Here's another reason to be skeptical of the subscription music sector: Rhapsody, the granddaddy of on-demand web music services and a company that largely bucked the trend of giving away songs for free, is preparing to shake up its management ranks, multiple sources told The Verge. While it isn't confirmed exactly which leaders are out, sources say the company has been searching for candidates to replace John Irwin, Rhapsody's president and the executive who has led the company for the past three years. A Rhapsody spokeswoman declined to comment and Irwin did not respond to interview requests.

Plenty of people will chalk up Rhapsody's troubles to an inability to compete with Spotify and Pandora, two of the fastest-growing web music services around. The space is also getting increasingly crowded. Behemoth players such as Google, Apple, and Microsoft have recently entered the streaming-music game in some form or another. The knock on Rhapsody is that it was too slow to develop interesting new mobile apps, and some critics will argue that the company's leadership was outfoxed by the idea of music giveaways. By offering free music listening, Spotify and Pandora made it cheap and easy to hear songs and that drew young music fans away from illegal file sharing.

Profits have become like UFOs or Bigfoot

There's a seed of truth in all of the complaints about Rhapsody, but it can't be overlooked that the company toiled for 12 years — longer than anybody — to make a go of subscription music, and hasn't managed it.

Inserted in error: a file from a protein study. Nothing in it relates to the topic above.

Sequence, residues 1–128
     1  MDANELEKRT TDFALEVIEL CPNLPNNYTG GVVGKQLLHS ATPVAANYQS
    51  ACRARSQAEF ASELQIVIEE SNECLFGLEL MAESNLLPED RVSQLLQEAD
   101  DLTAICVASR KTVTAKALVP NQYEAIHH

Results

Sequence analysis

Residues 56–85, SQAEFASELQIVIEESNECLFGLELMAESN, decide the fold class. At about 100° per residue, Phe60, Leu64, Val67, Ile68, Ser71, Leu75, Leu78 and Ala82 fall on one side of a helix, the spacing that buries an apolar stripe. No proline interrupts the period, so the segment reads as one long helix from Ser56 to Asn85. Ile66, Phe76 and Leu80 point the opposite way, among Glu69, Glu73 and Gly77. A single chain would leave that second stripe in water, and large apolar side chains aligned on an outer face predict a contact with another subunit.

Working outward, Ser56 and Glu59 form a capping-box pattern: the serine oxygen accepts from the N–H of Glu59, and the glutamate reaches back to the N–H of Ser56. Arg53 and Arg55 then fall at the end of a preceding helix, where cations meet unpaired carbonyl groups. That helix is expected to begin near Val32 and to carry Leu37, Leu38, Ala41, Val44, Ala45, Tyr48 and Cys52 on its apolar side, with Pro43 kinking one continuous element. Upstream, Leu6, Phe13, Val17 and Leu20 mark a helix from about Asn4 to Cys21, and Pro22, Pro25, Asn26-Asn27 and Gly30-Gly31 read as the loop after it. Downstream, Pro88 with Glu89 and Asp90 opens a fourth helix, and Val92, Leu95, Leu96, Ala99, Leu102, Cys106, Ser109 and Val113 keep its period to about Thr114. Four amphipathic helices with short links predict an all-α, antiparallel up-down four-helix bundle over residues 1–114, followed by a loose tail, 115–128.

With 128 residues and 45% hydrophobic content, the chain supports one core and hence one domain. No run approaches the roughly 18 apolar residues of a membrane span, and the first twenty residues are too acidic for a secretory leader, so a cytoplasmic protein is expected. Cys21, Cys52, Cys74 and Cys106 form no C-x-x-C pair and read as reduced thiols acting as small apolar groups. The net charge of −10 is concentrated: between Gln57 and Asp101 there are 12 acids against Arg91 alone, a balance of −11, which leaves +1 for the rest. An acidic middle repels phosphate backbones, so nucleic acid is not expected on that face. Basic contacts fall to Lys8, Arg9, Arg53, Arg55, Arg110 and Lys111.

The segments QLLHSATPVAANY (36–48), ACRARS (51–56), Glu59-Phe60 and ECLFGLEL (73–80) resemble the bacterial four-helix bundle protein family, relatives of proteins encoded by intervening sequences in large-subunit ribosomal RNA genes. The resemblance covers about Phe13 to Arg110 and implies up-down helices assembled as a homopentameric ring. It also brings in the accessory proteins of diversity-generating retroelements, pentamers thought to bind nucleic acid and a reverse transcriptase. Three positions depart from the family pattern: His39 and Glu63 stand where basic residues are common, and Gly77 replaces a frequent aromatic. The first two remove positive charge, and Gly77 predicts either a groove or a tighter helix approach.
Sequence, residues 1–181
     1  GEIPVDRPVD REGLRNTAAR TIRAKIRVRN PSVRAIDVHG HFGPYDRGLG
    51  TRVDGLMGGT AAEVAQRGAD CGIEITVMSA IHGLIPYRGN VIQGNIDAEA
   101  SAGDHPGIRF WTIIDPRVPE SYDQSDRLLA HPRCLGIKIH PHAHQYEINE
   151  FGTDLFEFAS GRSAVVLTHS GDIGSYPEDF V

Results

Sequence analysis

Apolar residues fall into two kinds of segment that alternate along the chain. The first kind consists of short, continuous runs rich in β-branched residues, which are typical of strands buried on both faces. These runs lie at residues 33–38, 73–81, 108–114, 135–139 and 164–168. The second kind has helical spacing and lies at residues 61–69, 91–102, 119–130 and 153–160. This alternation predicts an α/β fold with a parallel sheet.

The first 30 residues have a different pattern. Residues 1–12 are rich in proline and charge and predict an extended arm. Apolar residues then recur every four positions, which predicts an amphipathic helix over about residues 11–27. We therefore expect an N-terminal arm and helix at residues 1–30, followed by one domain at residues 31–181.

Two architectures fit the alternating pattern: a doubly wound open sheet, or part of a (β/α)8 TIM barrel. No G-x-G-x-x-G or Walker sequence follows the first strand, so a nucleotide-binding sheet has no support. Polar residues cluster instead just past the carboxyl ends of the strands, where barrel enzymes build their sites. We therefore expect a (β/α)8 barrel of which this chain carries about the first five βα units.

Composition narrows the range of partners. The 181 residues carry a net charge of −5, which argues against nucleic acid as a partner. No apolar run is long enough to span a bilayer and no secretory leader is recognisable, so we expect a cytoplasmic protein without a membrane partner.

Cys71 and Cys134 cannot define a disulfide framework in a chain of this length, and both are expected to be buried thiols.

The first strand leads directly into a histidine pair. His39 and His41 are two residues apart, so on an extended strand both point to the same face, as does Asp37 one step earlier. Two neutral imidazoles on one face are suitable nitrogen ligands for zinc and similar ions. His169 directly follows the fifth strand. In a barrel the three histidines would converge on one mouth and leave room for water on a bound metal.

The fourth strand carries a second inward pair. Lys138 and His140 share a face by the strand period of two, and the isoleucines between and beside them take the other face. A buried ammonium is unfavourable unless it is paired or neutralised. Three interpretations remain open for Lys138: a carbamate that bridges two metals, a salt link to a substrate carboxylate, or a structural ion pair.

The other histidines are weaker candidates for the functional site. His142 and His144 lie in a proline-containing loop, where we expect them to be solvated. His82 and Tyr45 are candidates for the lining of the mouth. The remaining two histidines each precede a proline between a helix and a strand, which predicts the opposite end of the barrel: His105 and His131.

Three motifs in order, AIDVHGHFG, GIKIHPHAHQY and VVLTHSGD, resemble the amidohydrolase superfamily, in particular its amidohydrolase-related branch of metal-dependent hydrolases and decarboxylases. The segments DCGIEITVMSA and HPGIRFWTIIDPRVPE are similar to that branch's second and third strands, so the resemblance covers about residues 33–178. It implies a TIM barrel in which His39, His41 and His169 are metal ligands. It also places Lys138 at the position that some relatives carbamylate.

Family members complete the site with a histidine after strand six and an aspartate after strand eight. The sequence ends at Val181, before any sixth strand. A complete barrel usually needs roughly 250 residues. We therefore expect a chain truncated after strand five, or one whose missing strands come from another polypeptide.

GeekWire reported last month that Rhapsody saw revenues of $34.7 million in the second quarter, an 8 percent decline from the same period last year. Rhapsody is privately held company, but its financial numbers could be found in the earnings report of the software maker Real Networks, which owns 45 percent of the music service. Real also reported that "Rhapsody has generated accounting losses since its inception [in 2001]." The Verge's sources say that Rhapsody had generated profitable quarters but over the long term was unprofitable.

"Rhapsody has generated accounting losses since its inception."

Meanwhile, profits are also missing at Pandora and Spotify. Come to think of it, there hasn't been a single pure-play music distribution service to report a significant profit in at least eight years. Profits in this sector have become like UFOs or Bigfoot. Plenty of people say they're out there, but nobody has any proof.

What there's no shortage of, however, are web-music busts: startups that were forced to shut down or were sold for peanuts. SpiralFrog, Yahoo Music, Napster, Imeem, MOG, and Playlist.com are just a few names on that list. And now comes word that Turntable.fm is in trouble. It's maybe a little early, but we might be seeing the first signs of another web-music shake out, a culling of the herd.

For critics of the major labels and publishers, the lack of profits is evidence that their compensation demands are unrealistic. People like David Packman, the former CEO of eMusic who is now a venture capitalist, say that music services just can't generate enough advertising or subscription revenue to cover the high royalties. An eight-year string of profitless companies is hard to argue against.

If Irwin is out at Rhapsody, he can hold his head high. He tried to build a solid business on the revolutionary idea of selling a product for more than he paid for it. Unfortunately for Rhapsody and the rest of the streaming music services out there, there's still a vast gap between "solid" and "possible."